Optical Methods for Non-Invasive Determination of Skin Penetration: Current Trends, Advances, Possibilities, Prospects, and Translation into In Vivo Human Studies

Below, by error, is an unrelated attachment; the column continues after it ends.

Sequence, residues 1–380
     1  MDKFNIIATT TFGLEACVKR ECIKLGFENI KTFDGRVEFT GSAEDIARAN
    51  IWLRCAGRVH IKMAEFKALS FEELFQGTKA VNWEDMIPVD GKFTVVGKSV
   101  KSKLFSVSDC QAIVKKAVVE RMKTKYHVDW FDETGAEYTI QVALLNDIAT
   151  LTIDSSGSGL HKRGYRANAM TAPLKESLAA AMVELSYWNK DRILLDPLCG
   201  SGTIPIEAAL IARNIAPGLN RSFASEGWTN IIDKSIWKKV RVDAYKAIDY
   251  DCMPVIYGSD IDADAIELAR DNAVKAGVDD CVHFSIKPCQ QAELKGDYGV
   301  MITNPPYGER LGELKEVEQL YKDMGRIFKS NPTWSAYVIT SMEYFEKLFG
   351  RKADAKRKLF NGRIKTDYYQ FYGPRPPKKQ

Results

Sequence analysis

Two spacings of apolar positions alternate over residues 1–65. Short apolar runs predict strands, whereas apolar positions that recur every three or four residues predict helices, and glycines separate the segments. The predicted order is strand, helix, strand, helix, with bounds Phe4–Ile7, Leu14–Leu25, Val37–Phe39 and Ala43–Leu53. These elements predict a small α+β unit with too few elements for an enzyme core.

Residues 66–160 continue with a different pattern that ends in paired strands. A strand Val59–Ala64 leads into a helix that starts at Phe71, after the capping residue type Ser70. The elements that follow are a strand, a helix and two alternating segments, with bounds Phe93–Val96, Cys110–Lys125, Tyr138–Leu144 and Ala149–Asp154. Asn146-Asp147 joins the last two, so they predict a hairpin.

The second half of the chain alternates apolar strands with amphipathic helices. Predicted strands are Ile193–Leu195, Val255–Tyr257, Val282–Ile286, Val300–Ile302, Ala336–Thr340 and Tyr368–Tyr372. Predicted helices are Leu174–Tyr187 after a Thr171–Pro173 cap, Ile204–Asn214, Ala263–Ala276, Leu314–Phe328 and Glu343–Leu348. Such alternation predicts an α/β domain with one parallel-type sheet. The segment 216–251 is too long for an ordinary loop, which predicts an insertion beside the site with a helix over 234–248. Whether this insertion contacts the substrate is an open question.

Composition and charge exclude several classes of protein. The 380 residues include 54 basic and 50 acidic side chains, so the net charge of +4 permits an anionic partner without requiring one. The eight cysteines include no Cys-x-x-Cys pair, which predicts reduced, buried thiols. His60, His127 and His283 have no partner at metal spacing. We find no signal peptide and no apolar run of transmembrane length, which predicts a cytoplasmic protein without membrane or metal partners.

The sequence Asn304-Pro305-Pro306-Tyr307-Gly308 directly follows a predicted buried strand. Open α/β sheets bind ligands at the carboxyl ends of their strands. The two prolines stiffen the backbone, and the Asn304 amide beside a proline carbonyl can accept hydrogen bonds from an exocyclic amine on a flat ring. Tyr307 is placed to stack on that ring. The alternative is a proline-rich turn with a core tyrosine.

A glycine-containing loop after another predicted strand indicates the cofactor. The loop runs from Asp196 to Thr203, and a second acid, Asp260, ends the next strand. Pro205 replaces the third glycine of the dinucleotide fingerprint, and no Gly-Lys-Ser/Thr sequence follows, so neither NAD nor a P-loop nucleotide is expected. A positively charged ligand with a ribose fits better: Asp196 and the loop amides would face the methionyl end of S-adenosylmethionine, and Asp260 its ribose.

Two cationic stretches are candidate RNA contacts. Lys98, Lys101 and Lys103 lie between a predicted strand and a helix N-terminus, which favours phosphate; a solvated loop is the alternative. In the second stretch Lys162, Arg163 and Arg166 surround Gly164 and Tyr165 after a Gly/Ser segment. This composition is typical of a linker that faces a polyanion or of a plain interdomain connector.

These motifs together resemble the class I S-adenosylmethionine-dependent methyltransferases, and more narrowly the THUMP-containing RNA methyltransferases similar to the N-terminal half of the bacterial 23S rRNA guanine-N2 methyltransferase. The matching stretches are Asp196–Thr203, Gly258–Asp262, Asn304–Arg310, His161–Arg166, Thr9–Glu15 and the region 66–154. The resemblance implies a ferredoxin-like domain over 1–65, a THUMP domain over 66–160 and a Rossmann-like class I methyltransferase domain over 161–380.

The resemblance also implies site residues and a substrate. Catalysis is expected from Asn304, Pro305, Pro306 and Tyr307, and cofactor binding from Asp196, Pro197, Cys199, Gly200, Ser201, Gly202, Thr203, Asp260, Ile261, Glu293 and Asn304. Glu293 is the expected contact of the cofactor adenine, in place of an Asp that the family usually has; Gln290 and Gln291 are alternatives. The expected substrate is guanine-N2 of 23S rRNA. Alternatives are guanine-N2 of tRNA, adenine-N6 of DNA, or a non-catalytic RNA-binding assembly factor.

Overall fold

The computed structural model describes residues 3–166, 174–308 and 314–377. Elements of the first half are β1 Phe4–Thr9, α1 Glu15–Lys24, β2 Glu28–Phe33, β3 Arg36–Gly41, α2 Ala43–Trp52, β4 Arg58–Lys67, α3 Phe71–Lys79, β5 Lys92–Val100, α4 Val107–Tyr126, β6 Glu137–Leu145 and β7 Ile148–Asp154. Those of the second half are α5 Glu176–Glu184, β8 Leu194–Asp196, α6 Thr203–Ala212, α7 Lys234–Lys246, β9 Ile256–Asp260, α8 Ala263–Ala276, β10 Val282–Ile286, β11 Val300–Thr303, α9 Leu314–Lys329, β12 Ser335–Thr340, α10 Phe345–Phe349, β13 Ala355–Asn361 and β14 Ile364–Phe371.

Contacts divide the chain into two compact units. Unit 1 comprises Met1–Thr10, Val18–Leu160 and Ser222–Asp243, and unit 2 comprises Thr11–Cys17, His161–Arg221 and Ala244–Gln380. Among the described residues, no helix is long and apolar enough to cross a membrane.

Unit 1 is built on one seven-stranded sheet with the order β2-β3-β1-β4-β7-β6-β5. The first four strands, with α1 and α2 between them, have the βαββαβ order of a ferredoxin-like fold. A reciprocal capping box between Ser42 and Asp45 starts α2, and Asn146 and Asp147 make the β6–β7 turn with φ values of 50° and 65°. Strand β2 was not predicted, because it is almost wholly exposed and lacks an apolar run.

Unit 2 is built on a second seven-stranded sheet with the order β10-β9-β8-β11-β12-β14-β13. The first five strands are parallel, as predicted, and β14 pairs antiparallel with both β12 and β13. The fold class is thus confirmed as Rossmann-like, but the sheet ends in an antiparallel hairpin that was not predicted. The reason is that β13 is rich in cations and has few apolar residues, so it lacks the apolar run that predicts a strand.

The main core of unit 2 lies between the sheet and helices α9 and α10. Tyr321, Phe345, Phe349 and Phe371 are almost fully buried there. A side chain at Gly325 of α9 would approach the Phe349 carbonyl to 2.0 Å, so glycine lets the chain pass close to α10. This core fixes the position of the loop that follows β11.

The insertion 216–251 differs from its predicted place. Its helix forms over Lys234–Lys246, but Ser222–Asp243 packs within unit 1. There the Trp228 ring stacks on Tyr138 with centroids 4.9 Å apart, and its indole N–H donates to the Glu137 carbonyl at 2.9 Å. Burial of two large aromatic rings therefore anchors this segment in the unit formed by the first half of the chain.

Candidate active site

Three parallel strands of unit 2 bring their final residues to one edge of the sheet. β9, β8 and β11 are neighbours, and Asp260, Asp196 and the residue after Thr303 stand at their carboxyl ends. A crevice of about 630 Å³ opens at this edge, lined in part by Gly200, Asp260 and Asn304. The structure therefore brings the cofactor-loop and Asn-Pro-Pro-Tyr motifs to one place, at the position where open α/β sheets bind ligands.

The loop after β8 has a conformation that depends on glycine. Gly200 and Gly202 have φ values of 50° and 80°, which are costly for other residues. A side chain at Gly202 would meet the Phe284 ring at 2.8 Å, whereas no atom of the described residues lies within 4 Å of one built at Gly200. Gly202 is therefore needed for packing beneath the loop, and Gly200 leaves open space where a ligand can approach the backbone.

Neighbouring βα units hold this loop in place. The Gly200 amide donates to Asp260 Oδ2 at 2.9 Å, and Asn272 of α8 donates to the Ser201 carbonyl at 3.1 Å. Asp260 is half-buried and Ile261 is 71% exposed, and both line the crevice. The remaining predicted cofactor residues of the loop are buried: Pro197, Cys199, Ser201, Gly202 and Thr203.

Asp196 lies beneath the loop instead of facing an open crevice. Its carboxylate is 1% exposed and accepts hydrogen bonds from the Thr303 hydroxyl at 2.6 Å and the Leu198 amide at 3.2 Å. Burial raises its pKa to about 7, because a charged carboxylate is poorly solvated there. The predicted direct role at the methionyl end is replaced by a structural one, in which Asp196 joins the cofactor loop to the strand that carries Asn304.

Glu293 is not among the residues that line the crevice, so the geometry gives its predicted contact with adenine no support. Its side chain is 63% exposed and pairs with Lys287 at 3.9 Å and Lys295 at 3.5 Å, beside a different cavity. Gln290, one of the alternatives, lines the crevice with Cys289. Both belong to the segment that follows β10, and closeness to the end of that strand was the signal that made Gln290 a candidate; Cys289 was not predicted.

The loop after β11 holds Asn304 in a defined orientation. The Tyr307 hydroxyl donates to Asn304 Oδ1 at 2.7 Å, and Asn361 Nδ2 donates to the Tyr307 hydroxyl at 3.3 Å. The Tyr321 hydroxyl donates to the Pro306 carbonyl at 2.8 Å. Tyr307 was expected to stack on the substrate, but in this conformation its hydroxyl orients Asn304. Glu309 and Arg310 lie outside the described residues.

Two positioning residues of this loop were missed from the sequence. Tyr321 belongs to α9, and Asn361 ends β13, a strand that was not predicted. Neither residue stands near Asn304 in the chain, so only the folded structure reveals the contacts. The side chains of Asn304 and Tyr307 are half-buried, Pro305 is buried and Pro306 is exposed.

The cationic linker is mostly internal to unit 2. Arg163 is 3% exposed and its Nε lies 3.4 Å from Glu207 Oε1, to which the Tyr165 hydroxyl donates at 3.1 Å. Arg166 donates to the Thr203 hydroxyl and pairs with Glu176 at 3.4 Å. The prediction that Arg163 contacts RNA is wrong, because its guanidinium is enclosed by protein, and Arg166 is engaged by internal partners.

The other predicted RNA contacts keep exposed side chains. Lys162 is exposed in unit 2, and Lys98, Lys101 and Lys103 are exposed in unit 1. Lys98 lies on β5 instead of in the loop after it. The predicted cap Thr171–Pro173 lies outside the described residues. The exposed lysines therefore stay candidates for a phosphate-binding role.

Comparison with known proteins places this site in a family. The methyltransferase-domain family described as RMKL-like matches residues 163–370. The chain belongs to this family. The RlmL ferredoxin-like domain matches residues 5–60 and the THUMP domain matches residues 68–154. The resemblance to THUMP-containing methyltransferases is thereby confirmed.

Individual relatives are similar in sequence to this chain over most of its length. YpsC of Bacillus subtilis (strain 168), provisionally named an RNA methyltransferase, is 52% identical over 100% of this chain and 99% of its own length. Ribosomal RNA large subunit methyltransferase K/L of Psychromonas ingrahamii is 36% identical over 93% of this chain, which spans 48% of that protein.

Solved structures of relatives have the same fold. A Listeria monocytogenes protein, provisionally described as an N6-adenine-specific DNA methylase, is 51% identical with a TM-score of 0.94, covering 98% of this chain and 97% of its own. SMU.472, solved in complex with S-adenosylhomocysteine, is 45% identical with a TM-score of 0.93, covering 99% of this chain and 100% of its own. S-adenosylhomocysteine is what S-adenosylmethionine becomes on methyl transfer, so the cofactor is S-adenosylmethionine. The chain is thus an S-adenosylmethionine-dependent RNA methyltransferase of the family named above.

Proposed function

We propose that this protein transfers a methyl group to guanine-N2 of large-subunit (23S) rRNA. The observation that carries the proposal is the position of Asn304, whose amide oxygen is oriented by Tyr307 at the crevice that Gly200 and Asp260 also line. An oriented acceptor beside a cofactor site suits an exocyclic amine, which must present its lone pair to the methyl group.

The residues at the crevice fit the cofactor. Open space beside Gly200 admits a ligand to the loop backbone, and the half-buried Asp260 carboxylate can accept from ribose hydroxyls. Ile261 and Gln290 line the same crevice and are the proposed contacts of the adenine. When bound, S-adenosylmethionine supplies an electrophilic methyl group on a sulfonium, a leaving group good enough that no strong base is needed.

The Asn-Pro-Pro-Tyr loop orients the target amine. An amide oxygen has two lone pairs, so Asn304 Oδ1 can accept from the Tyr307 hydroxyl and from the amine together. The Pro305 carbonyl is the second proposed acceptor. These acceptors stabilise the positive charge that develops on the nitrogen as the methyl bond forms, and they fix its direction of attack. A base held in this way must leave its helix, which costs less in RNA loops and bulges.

Information on the penetration depth, pathways, metabolization, storage of vehicles, active pharmaceutical ingredients (APIs), and functional cosmetic ingredients (FCIs) of topically applied formulations or contaminants (substances) in skin is of great importance for understanding their interaction with skin targets, treatment efficacy, and risk assessment—a challenging task in dermatology, cosmetology, and pharmacy. Non-invasive methods for the qualitative and quantitative visualization of substances in skin in vivo are favored and limited to optical imaging and spectroscopic methods such as fluorescence/reflectance confocal laser scanning microscopy (CLSM); two-photon tomography (2PT) combined with autofluorescence (2PT-AF), fluorescence lifetime imaging (2PT-FLIM), second-harmonic generation (SHG), coherent anti-Stokes Raman scattering (CARS), and reflectance confocal microscopy (2PT-RCM); three-photon tomography (3PT); confocal Raman micro-spectroscopy (CRM); surface-enhanced Raman scattering (SERS) micro-spectroscopy; stimulated Raman scattering (SRS) microscopy; and optical coherence tomography (OCT). This review summarizes the state of the art in the use of the CLSM, 2PT, 3PT, CRM, SERS, SRS, and OCT optical methods to study skin penetration in vivo non-invasively (302 references). The advantages, limitations, possibilities, and prospects of the reviewed optical methods are comprehensively discussed. The ex vivo studies discussed are potentially translatable into in vivo measurements. The requirements for the optical properties of substances to determine their penetration into skin by certain methods are highlighted.


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